Though the original Microsoft Surface Book isn’t directly comparable (the Book is a convertible 2-in-1 notebook, while the Matebook X Pro is more of a traditional thin-and-light), its original Sky Diver score was 6,220. Granted, many notebooks have moved on, but it’s worth pointing out that, from a graphics perspective, the Matebook X Pro offers more graphics horsepower than the original Surface Book. (As tested, the Surface Book 2 yielded a score of 19,190.)
There’s just one catch: the MX150 within the Matebook X Pro is a downclocked, low-power version. The full-power GeForce MX150, for thicker notebooks, runs at about 1.5GHz. The slower, lower-power version within the Matebook X Pro runs at a mere 937MHz, as measured by the GPU-Z utility. The problem is that neither Huawei nor Nvidia makes this explicitly clear, so it’s only revealed after further investigation.
The Matebook X Pro includes the Intel Alpine Ridge LP Thunderbolt controller, allowing you to connect it with a cable to an external graphics dock or external monitor. But the Alpine Ridge controller supports just two lanes, rather than the expected four, for a total of 8 gigatransfers. Enthusiasts who care about such things should know that an eGPU won’t have as much bandwidth available as it would with other machines.
Finally, we turn to battery life, one of our key metrics. We charge the laptop’s battery to full. We also dial down the screen brightness to 250 nits, as measured by a light meter, a level which allows the screen to be viewable in dim light. Then we loop a movie over and over until the battery expires. The Matebook X Pro’s scant seven hours of battery life is pedestrian, but it will hold its own over the course of a day.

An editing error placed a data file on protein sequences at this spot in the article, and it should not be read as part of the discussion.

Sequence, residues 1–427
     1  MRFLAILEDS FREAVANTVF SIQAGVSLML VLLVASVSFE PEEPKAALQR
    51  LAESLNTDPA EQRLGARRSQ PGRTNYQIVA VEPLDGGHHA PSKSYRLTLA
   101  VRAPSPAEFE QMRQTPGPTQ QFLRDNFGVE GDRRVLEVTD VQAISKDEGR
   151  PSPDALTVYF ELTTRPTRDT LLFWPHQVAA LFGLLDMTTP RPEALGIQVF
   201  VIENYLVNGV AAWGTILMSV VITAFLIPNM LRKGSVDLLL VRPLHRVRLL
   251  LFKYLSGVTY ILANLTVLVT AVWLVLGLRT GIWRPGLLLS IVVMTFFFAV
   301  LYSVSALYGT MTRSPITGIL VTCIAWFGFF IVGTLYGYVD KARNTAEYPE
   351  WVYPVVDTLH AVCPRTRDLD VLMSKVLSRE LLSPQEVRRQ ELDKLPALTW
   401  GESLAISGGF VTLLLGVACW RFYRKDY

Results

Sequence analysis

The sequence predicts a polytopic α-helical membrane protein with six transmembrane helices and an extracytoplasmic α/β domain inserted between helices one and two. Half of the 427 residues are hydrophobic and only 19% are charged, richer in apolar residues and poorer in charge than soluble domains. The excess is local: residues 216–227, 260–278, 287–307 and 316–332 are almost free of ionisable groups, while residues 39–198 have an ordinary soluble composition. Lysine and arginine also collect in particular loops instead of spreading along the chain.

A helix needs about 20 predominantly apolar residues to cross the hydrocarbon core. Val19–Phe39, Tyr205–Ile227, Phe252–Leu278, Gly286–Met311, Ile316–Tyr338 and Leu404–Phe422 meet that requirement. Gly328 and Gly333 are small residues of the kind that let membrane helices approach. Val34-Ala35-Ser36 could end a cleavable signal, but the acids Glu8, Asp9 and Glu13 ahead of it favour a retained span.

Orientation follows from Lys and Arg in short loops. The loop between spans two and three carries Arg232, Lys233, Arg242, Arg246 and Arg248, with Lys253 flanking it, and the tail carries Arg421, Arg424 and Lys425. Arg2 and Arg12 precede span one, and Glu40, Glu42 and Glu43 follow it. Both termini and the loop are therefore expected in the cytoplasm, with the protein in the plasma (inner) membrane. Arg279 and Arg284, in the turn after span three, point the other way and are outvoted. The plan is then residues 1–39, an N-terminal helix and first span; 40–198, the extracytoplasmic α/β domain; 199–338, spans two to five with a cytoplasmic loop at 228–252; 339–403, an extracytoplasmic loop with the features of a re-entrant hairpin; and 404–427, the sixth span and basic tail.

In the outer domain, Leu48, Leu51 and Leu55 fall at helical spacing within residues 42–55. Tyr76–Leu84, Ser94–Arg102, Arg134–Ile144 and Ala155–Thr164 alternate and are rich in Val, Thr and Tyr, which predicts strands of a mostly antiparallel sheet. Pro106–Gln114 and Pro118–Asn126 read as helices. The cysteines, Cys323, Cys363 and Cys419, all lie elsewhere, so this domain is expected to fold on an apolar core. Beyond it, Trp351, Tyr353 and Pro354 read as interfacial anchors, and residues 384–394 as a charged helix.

Huawei’s Matebook X Pro offers competent performance. Its true value is, really, value: For just under $1,500, Huawei offers a laptop with a 3K display, pairing it with a decent discrete graphics processor for a bit more oomph. Dell’s XPS series remains on top, however, at least from a general performance standpoint. The new Dell XPS 13 (9370) remains our Editors’ Choice within the category.
While it’s time for Huawei to abandon its experiment with keyboard-mounted webcams, there’s really nothing else to highlight as wrong with the Matebook X Pro. In fact, if you’re looking for a bargain gaming ultrabook, the Huawei Matebook X Pro fits the bill—though purists might not be happy with a slower external GPU and Thunderbolt port. In our view, Huawei cut a corner here and there, but focused its efforts on areas where consumers care the most.